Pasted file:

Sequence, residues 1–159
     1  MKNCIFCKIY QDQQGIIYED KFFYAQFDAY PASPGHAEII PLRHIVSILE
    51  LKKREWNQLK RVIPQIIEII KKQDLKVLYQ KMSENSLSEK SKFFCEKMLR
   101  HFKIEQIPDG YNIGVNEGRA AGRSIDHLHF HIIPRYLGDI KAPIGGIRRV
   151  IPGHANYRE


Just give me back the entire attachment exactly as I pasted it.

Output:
Sequence, residues 1–159
     1  MKNCIFCKIY QDQQGIIYED KFFYAQFDAY PASPGHAEII PLRHIVSILE
    51  LKKREWNQLK RVIPQIIEII KKQDLKVLYQ KMSENSLSEK SKFFCEKMLR
   101  HFKIEQIPDG YNIGVNEGRA AGRSIDHLHF HIIPRYLGDI KAPIGGIRRV
   151  IPGHANYRE